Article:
Going to the gynecologist can be an awkward, even nerve-wracking experience. The last thing you want to do is make it any more excruciating. Even though you most likely have some questions for your doctor, most of us would rather just grit our teeth and count the ceiling tiles.
Here are the answers to eight awkward questions so you know when you can keep your mouth shut and when it's time to speak up:
1. How much discharge is normal?
This can be a difficult question because the amount of discharge varies per person and is subject to change throughout the month or as you get older. A woman's body naturally discharges dead skin cells, bacteria and fluid to maintain homeostasis down there as well as create a lubricant to aid in conception. So sometimes, such as if you're pregnant or ovulating,you may have more discharge than usual.
However, if your discharge is gray, white or bloody you should consult your physician for potential treatment.
2. Why is my poop so weird during my period?
Your body chemistry changes a lot during that time of the month, so it shouldn't be a surprise that your gastrointestinal system is subject to change as well. Many women have more bowel movements during their period than normal. This is because progesterone, a hormone that helps relaxes your muscles, decreases during menstruation, making it easier to contract your muscles the muscles involved in moving your bowels.
3. How heavy is too heavy for periods?
You can determine your flow by recording how many sanitary products you soak. Each regular-sized sanitary product holds about one teaspoon of blood. A heavy flow is defined by nine to 12 teaspoons (or nine to 12 completely soaked regular sanitary products) during one period.
If you have a heavy flow, you should ingest extra salt, fluids and iron to reduce your risk of anemia. Also, you can curb your heavy flow with ibuprofen and contraceptives.
4. Is shaving safe?
According to the American Journal of Obstetrics and Gynecology, 60 percent of women develop one or more health problems due to pubic hair removal. Needless to say, your gynecologist would probably discourage you from shaving or waxing your private areas, especially during Aunt Flow's visit. Your body grows hair for a reason: to protect from harm or infection. By shaving or waxing you are removing your body's natural defense system.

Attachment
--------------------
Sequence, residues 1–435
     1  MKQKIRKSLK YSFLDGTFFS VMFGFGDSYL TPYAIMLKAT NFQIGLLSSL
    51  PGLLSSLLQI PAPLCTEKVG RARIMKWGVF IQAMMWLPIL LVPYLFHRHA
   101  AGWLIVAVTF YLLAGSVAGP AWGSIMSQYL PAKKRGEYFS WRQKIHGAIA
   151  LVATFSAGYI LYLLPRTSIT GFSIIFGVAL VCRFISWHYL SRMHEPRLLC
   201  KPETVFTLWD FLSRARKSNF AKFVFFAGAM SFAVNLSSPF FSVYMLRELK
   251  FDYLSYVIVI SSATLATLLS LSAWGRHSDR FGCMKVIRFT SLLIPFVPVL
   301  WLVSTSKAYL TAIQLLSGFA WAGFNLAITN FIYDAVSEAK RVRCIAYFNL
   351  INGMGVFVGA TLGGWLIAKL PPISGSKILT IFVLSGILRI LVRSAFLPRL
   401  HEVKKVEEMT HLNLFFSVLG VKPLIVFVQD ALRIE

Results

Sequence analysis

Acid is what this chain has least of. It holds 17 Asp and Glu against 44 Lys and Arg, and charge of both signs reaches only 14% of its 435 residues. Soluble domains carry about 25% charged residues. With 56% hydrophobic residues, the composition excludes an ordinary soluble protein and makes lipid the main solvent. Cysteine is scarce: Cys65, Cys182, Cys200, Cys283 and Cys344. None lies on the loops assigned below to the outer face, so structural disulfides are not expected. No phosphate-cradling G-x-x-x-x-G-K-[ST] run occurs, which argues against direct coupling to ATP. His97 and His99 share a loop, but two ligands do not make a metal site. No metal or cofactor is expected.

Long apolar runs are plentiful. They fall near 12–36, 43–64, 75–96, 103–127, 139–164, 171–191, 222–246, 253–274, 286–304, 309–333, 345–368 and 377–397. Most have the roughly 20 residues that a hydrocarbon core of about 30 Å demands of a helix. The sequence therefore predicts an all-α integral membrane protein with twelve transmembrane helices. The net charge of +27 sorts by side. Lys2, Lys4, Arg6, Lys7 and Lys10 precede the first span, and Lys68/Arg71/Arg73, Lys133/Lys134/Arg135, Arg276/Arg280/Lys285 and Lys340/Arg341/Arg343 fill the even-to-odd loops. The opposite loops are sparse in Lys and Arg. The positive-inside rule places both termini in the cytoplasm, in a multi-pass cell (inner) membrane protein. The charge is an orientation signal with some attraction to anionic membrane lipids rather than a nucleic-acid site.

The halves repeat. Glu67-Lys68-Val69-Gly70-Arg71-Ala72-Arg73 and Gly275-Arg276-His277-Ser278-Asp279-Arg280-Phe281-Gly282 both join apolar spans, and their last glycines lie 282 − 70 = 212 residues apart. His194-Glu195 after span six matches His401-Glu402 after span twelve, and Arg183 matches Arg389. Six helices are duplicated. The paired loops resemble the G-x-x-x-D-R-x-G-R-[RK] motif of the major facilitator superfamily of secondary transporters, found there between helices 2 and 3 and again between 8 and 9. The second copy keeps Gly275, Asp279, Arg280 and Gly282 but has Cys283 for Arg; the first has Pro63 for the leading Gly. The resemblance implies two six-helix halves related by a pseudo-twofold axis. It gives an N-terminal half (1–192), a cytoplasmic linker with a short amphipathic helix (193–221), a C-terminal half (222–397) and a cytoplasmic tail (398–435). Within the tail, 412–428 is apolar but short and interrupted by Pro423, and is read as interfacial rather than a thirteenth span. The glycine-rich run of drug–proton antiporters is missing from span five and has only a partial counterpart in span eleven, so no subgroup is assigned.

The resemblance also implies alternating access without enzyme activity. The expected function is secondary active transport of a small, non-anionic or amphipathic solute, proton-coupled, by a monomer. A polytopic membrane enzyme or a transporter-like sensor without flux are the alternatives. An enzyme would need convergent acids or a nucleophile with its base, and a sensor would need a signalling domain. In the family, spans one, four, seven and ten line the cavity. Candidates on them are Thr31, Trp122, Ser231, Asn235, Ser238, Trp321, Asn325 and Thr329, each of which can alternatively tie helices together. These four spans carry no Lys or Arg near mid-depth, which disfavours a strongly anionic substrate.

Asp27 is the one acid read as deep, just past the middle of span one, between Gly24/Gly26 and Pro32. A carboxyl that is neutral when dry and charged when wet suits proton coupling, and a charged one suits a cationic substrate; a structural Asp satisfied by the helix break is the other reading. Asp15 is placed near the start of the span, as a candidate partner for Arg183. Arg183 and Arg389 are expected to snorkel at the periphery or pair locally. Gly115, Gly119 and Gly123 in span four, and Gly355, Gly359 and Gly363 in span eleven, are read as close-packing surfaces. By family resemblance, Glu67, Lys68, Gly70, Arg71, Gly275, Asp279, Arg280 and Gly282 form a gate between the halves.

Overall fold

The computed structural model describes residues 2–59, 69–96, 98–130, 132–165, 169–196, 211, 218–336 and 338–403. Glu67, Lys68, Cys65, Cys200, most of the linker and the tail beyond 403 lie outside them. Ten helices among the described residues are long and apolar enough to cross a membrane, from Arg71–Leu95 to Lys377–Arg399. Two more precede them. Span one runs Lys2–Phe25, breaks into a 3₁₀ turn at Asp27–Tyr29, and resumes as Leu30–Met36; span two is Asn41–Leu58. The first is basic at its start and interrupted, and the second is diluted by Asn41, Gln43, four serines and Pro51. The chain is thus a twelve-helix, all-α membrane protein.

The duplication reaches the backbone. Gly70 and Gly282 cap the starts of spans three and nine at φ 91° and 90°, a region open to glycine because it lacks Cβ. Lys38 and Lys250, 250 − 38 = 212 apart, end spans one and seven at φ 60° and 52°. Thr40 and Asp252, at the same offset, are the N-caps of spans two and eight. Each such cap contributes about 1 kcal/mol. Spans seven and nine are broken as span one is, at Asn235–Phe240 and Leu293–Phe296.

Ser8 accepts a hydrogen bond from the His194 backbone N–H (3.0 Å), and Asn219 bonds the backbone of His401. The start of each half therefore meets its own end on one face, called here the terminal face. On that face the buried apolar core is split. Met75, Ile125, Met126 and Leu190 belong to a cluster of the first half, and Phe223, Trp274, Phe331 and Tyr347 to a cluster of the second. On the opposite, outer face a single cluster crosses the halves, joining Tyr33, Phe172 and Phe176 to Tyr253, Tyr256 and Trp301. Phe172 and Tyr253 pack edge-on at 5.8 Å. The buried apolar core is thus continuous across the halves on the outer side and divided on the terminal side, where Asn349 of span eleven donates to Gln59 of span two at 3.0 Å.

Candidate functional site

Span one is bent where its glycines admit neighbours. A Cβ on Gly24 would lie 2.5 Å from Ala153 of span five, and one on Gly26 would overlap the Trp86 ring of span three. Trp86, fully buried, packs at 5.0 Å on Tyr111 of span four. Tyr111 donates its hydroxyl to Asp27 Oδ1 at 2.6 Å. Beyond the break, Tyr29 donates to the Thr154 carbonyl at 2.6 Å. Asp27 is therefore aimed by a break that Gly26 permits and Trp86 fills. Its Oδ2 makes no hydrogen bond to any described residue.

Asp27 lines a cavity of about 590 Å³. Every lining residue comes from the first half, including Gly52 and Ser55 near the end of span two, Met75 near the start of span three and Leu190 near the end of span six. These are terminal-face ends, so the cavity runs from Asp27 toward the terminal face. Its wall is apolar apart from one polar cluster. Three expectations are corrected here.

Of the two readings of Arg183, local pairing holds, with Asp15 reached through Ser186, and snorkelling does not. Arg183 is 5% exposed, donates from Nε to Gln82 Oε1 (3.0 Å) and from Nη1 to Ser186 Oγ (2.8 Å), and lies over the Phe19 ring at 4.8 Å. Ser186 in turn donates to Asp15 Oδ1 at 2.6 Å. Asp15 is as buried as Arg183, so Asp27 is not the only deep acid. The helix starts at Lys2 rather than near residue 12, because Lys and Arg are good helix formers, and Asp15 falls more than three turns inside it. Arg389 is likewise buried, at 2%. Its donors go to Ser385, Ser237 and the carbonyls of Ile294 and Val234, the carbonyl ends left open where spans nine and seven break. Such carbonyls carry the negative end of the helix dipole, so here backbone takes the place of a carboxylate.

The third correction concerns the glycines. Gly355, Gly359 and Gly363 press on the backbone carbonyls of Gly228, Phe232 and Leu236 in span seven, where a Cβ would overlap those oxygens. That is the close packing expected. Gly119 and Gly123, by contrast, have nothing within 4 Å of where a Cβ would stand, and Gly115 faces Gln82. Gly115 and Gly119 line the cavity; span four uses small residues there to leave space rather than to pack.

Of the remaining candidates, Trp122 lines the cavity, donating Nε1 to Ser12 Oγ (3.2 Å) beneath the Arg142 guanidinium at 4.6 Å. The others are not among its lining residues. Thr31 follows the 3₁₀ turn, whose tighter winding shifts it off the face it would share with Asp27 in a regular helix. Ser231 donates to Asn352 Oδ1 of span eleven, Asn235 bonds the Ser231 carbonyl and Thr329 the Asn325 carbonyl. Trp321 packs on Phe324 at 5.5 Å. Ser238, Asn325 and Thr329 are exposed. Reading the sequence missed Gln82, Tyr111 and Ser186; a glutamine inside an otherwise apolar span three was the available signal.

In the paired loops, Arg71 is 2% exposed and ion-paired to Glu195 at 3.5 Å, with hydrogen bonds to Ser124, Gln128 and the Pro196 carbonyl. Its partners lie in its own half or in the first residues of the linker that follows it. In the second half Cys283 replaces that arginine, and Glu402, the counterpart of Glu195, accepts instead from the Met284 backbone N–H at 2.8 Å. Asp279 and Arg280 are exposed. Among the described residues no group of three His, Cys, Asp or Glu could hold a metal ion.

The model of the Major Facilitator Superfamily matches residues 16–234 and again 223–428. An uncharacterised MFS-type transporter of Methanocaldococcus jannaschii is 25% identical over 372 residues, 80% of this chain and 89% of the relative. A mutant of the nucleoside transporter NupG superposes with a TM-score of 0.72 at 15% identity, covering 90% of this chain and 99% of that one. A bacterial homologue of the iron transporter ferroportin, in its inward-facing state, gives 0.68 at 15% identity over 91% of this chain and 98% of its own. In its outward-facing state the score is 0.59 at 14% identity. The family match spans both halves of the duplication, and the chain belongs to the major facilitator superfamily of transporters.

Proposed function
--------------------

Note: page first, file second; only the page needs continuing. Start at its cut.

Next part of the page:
5. Is it normal to urinate this much?
The average person uses the bathroom six or seven times a day. So if you're visiting the ladies' room several times a day, your urination frequency should be normal. On the other hand, if you are drinking about two liters of liquid a day, but need to urinate more than seven times, this could signify an issue.
6. Do I smell bad down there?
Most likely you smell normal. Your body has bacteria that does a good job of keeping you clean from infections and abnormal odors. However, if you notice a smell that isn't your norm eau de parfum, speak up to your gynecologist so they can test for bacterial overgrowth, and get you back to feeling fresh as a daisy.
7. Should I cancel my appointment if I'm on my period?
Your doctor won't be bothered by the blood (they probably are accustomed to dealing with worse) and the newest Pap smear results aren't affected by it. Go ahead and leave your tampon or menstrual cup in while you talk with your gynecologist, if that makes you more comfortable, and just ask them to step out so you can remove it before your check up.
8. Are you judging my body?
Your doctor is a medical professional, so they are used to seeing bodies of every shape and size. Above all, they are more concerned with providing you with genuinely good care than with judging your body.
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